HATCHERY, FROM PAGE A1 |
variety of species that can be found in Pennsylvania, and the Environmental Services Division of the commission will have amphibians and reptiles there for people to check out.
“Some will be allowed to be handled and out as people walk by,” Foster said.
For people interested in learning about preparing and cooking the fish they’ve caught, there will be a demonstration where attendees will learn how to clean fish in order to be cooked, as well as various recipes.
Foster said catching and cooking one’s own fish is a healthy way to eat, and is easier than some people may imagine.
“It’s pretty easy to do,” he said. “You just need a sharp knife and a little bit of practice.”
Staff also will fillet and cook some fish, and there will be samples for attendees.
Of course, the main attraction of the event is the walleye-spawning demonstration. The hatchery breeds thousands of these fish every year, as well as other species, for release into Pennsylvania waters. Notably, the hatchery keeps up the walleye population at Pymatuning Reservoir.
“That’s what Pymatuning is known for,” Foster said. “Without the hatchery, the walleye fishing would not be anything close to what it is.”
Breeding these fish is a fairly complicated process. Frank Pokol, acting manager of the hatchery, said it starts with nine trap nets in the hatchery’s spawning sanctuary, used to catch walleyes.
The hatchery separates the male and female fish from each other and then separate the ripe fish — females with eggs — from the green fish — those without.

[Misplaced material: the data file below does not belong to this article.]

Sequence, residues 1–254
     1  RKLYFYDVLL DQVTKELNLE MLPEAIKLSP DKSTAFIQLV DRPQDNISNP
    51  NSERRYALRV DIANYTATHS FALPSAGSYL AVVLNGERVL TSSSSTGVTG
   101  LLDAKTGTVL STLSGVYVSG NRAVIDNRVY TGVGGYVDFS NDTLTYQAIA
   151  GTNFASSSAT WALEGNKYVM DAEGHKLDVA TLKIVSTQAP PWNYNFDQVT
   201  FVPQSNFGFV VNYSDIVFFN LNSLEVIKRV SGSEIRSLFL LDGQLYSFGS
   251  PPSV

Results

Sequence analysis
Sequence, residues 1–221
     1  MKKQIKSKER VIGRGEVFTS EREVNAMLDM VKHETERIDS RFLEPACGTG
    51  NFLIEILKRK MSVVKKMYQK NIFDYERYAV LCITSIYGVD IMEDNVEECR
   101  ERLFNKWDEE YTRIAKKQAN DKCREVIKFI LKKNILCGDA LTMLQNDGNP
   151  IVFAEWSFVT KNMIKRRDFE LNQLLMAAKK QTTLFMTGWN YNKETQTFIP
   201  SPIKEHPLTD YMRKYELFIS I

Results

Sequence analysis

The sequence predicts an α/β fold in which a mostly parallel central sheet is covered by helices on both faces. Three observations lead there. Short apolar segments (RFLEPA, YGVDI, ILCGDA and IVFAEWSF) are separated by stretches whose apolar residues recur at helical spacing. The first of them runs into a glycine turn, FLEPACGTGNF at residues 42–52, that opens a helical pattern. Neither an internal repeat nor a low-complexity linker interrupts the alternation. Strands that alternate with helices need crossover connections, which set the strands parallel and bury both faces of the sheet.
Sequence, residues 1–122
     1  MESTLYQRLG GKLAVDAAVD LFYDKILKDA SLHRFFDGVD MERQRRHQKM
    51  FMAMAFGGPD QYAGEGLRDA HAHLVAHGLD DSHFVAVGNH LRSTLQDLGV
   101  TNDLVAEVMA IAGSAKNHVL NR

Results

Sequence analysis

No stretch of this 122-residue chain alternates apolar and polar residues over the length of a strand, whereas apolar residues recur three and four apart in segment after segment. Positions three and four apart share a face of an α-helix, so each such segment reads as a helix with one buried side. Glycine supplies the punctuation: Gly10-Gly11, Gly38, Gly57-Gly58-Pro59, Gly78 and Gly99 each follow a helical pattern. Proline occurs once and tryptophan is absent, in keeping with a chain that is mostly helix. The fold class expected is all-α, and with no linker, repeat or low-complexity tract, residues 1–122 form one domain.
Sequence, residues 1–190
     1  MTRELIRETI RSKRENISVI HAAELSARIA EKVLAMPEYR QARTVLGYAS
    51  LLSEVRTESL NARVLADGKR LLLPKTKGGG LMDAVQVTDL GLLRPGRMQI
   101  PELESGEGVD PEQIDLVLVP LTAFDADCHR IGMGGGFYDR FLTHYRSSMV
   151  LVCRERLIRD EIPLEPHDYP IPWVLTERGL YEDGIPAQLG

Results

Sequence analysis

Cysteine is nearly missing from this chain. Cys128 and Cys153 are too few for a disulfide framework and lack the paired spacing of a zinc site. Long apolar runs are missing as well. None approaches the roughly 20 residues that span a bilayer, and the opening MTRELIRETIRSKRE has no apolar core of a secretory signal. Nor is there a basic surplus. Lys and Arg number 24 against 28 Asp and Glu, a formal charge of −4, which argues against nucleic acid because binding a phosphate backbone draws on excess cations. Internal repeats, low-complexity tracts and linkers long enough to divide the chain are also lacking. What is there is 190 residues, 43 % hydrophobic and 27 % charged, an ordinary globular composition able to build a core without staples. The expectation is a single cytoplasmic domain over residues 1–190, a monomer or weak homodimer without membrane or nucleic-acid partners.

Eggs from the females and a fertilizing fluid from the males called milt are mixed in a bowl and then placed into a bucket to be disinfected. The eggs then are put in a keg and stirred in order to remove their stickiness, and then transferred to jars placed atop water tanks.
These eggs will hatch in around 14 days, upon which the newborn fish will flow out of the jars into tanks. These fish are then used to stock bodies of water in Pennsylvania come fishing season.
Such a process is necessary to keep up population numbers of walleyes and other species due to pressure from fishing.
“There’s a lot of fishing pressure and some of the fish can’t keep up with it,” Pokol said.
While Pymatuning Reservoir may be renowned as a fishing spot, it actually isn’t an ideal spawning location for many species. Pokol said the bottom of the reservoir is mostly mud, which is not a good substrate for eggs.
Pokol is looking forward to having the full open house experience again.
“It’s great that the public will finally be able to get here and see it again,” he said. “We used to get phone calls all the time from people wanting to get in here and see the hatchery.”
Foster said the open house was a good way to “shake off the cabin fever” from a lack of events due to COVID-19.
“Working through two years worth of shutdowns and COVID, you know it took a toll on us as well as everybody,” he said.
Activities like the open house are also important due to the popularity of fishing in Pennsylvania. Foster said more and more people are buying fishing licenses each year, so educating the public on what they’re fishing, where they come from and how to cook them is very important.
Linesville State Fish Hatchery’s open house is Saturday from 11 am to 3:30 pm Admission is free, though some souvenirs and activities may have costs associated with them.
The hatchery is located at 13300 Hartstown Road.
Sean P. Ray can be reached at (814) 724-6370 or by email at [email protected]